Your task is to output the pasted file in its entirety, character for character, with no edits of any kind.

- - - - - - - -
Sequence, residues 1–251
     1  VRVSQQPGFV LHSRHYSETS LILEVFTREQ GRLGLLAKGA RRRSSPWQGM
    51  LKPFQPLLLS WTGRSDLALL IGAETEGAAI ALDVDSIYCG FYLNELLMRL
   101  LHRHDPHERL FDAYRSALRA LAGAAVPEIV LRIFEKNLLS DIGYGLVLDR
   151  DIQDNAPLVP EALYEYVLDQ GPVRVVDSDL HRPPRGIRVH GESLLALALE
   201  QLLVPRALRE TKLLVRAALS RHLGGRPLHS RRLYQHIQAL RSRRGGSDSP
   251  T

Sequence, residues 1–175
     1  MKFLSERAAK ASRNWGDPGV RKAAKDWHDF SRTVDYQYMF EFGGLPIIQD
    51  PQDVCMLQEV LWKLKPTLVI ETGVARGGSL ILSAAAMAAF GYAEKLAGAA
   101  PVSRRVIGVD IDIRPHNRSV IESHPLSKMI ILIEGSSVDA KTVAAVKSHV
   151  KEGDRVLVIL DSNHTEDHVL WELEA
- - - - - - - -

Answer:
Sequence, residues 1–251
     1  VRVSQQPGFV LHSRHYSETS LILEVFTREQ GRLGLLAKGA RRRSSPWQGM
    51  LKPFQPLLLS WTGRSDLALL IGAETEGAAI ALDVDSIYCG FYLNELLMRL
   101  LHRHDPHERL FDAYRSALRA LAGAAVPEIV LRIFEKNLLS DIGYGLVLDR
   151  DIQDNAPLVP EALYEYVLDQ GPVRVVDSDL HRPPRGIRVH GESLLALALE
   201  QLLVPRALRE TKLLVRAALS RHLGGRPLHS RRLYQHIQAL RSRRGGSDSP
   251  T

Sequence, residues 1–175
     1  MKFLSERAAK ASRNWGDPGV RKAAKDWHDF SRTVDYQYMF EFGGLPIIQD
    51  PQDVCMLQEV LWKLKPTLVI ETGVARGGSL ILSAAAMAAF GYAEKLAGAA
   101  PVSRRVIGVD IDIRPHNRSV IESHPLSKMI ILIEGSSVDA KTVAAVKSHV
   151  KEGDRVLVIL DSNHTEDHVL WELEA